By making an effort to develop green spaces and improve access to equitable green spaces, we can make strides toward improving public health in vulnerable communities. It’s important to make sure that these efforts to improve access to green space also take into account our nation’s population with LEP, who face unique challenges compared to English-speaking minorities.

Here are five government-led initiatives to develop equitable green space that are prioritizing the needs of linguistic minorities in their community.

Rhode Island PVD Tree Plan

The city of Providence, Rhode Island boasts a tree canopy that covers roughly 27% of the city — but when you zoom in on communities of color, that number declines sharply. So, the city is making an effort to improve tree coverage, and making sure people of color are involved in planning the initiative from the get-go. By involving community members of color who’ve spearheaded multilingual outreach, they ensure that historically marginalized communities have a voice in increasing canopy coverage.

Parks and Rec Chattanooga’s Outreach and Engagement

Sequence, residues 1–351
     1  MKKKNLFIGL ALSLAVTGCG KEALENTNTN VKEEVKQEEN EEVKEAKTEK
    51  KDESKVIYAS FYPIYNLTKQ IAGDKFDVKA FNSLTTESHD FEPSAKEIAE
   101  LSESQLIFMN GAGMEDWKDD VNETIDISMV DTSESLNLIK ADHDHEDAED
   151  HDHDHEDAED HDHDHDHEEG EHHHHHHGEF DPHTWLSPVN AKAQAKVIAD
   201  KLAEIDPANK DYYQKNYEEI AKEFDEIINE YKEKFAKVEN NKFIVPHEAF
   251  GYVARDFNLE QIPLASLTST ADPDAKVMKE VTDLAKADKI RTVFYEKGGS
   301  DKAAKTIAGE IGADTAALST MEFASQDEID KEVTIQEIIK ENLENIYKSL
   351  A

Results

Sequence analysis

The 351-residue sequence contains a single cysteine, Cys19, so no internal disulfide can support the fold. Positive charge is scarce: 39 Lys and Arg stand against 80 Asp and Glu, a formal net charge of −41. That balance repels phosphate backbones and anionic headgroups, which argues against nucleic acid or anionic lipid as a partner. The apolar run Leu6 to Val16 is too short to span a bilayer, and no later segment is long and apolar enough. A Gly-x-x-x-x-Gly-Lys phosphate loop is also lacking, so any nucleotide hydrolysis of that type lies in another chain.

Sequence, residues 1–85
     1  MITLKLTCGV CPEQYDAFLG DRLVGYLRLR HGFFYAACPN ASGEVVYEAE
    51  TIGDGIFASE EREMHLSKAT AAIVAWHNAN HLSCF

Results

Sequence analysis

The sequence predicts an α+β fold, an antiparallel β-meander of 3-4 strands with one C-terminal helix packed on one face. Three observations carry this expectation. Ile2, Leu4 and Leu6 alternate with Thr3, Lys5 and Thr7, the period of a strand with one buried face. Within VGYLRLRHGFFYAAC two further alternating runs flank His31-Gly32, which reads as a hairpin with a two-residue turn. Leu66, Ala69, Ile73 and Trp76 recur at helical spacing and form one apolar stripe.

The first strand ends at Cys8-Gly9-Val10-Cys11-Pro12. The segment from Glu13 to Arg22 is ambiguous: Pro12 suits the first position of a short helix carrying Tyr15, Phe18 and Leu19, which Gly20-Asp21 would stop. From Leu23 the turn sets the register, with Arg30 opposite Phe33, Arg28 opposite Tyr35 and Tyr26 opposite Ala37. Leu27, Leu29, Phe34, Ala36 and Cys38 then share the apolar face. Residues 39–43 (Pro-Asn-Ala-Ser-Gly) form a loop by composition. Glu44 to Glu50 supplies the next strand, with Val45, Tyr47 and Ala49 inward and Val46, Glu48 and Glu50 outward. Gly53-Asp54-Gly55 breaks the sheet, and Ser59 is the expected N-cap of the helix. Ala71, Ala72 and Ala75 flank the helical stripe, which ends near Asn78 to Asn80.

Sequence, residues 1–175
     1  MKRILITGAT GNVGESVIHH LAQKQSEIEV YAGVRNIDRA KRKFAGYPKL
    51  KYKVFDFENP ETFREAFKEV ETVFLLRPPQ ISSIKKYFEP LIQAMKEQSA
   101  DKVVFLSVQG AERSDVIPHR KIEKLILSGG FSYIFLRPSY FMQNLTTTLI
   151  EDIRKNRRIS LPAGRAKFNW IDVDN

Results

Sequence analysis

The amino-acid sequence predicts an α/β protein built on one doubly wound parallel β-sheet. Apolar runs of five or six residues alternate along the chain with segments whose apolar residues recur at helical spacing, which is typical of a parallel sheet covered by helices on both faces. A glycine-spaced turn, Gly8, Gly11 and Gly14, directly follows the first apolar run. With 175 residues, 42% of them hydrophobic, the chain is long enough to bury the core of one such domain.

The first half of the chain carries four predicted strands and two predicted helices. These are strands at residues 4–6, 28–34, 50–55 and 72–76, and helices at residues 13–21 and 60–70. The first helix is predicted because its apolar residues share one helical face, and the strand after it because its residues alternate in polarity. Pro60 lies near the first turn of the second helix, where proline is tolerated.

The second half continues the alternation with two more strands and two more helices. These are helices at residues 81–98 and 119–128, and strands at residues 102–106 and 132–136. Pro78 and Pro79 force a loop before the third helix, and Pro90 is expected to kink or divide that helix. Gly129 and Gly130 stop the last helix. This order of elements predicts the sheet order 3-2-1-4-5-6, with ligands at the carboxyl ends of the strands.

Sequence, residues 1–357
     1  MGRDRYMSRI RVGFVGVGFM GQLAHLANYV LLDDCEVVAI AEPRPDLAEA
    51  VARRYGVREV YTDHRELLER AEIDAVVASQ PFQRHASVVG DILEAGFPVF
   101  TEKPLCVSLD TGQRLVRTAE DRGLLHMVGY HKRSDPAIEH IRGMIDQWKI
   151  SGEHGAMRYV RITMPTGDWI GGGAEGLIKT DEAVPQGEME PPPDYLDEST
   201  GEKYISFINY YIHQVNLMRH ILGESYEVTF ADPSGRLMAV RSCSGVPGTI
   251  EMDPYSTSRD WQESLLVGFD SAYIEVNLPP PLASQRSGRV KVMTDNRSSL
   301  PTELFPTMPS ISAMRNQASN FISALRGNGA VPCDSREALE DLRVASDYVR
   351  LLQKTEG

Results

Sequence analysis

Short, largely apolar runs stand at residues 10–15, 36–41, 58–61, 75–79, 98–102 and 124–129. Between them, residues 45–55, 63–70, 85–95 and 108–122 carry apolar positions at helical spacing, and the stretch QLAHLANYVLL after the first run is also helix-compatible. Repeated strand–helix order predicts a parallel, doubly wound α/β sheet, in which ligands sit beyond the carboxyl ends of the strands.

Effective engagement is key to creating inclusive, equitable green spaces. Parks and Rec Chattanooga has placed an emphasis on involving multilingual communities, in an effort to build trust with community members who don’t speak English. In the agency’s outreach and engagement efforts, they make an effort to engage community members in the language that they’re most comfortable in, whether that’s Spanish or Q’anjob’al, allowing community members to feel heard regardless of their English level.

Get Started! A Guide to USDA Resources for Historically Underserved Farmers and Ranchers

The USDA and other government agencies partnered up to create this 40-page guide for historically underserved farmers and ranchers. Not only did they emphasize resources for farmers and ranchers from low-income and culturally underrepresented backgrounds — they also made sure to communicate those resources in several different languages other than English.

The guide is available in seven languages and provides readers with resources such as maps, educational workshops, inclusive language materials, facilitating greater participation and understanding among linguistic minority communities.

The Urban Wildlife Conservation Program